Chief creative officer, international, Digitaslbi
Such is the state of our industry that I wonder if I overreact when I look at ads nowadays. Pouring vitriol on stuff that’s OK and overpraising as genius stuff that’s only a little more than OK. I blame WHAT SOCIAL MEDIA IS DOING TO OUR BRAINS. Anyway, these ads are all mostly OK.
SPOTIFY is a bit better than OK, maybe because it’s about the seething sexual subtext underlying the simple interactions of family members. It’s a smart insight, linking the contrast between the communal nature of family and private lives of its members to the need for a family account. And you don’t see many ads about wanking these days. In fact, I can’t think of any at all, ever. Though, writing this, I’m looking forward to my inbox filling up with examples.
I’d love to like the HELLMANN’S stuff here because it’s brave, and we like bravery from clients and spend a lot of time asking for more of it. But not like this, I find myself thinking. And can we please, please stop with all the toasting in ad copy? “Here’s to” has to be on the banned clichés list, surely? I find the typography annoying and the idea behind these just doesn’t appear to have any connection whatsoever to the brand. I just don’t know why they’re doing this. I’m not squeamish, but these ads have me retching for the loo, not reaching for the Hellmann’s – sorry. Not OK.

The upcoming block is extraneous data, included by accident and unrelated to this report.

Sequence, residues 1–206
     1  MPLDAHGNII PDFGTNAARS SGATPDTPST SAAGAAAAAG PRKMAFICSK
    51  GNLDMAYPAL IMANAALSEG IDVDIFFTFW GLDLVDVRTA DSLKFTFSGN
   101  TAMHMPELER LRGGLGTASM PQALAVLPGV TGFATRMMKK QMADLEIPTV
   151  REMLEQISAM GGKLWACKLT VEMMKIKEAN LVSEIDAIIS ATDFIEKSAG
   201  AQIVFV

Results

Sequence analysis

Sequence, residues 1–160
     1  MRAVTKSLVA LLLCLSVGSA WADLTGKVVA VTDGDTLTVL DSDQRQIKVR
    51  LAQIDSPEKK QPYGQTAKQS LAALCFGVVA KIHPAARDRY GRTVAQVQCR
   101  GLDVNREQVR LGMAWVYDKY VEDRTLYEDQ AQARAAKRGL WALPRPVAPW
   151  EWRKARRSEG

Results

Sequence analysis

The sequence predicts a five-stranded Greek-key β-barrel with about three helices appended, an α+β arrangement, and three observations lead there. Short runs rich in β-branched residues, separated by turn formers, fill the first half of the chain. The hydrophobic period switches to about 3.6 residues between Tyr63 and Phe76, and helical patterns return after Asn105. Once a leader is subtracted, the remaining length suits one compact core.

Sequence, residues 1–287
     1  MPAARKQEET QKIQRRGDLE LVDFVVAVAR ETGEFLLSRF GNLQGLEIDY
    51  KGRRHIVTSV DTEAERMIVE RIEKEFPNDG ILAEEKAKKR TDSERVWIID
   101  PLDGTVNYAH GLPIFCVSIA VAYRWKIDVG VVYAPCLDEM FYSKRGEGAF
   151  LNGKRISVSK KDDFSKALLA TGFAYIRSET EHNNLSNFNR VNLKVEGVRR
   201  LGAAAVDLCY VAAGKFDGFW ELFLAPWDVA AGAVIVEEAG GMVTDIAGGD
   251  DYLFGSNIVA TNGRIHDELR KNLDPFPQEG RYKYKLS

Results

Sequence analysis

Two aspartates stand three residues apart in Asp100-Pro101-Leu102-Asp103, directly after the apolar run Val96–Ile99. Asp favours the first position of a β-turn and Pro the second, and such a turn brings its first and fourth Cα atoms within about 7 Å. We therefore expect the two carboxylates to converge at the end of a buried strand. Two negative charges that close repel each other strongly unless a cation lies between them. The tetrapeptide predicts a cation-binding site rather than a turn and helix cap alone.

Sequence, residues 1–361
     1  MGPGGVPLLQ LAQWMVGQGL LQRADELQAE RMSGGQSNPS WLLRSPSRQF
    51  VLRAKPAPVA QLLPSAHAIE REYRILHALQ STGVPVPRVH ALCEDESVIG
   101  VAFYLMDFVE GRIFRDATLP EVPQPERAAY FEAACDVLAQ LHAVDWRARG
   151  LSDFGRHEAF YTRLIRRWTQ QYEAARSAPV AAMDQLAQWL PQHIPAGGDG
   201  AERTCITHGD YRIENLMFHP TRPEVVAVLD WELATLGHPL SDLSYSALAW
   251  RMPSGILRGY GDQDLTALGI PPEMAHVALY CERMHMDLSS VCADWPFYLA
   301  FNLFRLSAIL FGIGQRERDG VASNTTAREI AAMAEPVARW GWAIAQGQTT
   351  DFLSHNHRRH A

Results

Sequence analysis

ALZHEIMER’S SOCIETY. There are a lot of ads these days acknowledging our divided culture and urging us to see past our differences. Advertisers need to do this because the centre ground allows them to appeal to the broadest number of people possible. What a world we live in, when adspend needs to remind us of our better selves! This is an effective message reminding us that Alzheimer’s is indiscriminate and doesn’t care what filter bubble we occupy. I love that the media buy delivered the idea by showing it simultaneously on Channel 4 and ITV, presumably to Remainers on the former and Brexiters on the latter. It’s refreshing to see media and creative pulling together to underline the campaign idea – something we need to see more of.
Bradley Wiggins, mod hardman of cycling, now has a beard and is selling SKODAS. Someone who was prepared to do anything to win (maybe pushing the rules beyond breaking point, though we’d all rather not believe that) now has the perspective and the time to focus on family and make a surprising car choice. Somehow it all kind of works and we find ourselves liking Skoda as the car for people who’ve calmed down a bit but still like to stand out. As with all Skoda ads, this one is telling you it’s OK to buy a Skoda. That’s OK with me.
I’ve used STUBHUB loads of times and resented it every time. Isn’t it just a way to legitimise touting? If it’s all about getting people out of the house to have fun, why not limit the price that can be charged for a ticket? It’s hard not to see these third-party resellers as kind of affiliate tricksters, taking money from fans and musicians. So ethics are never top of mind, which I guess is why striking oil is a useful metaphor to use in an ad – the message? Dirty money in a jaunty setting. Now that’s not really OK, is it?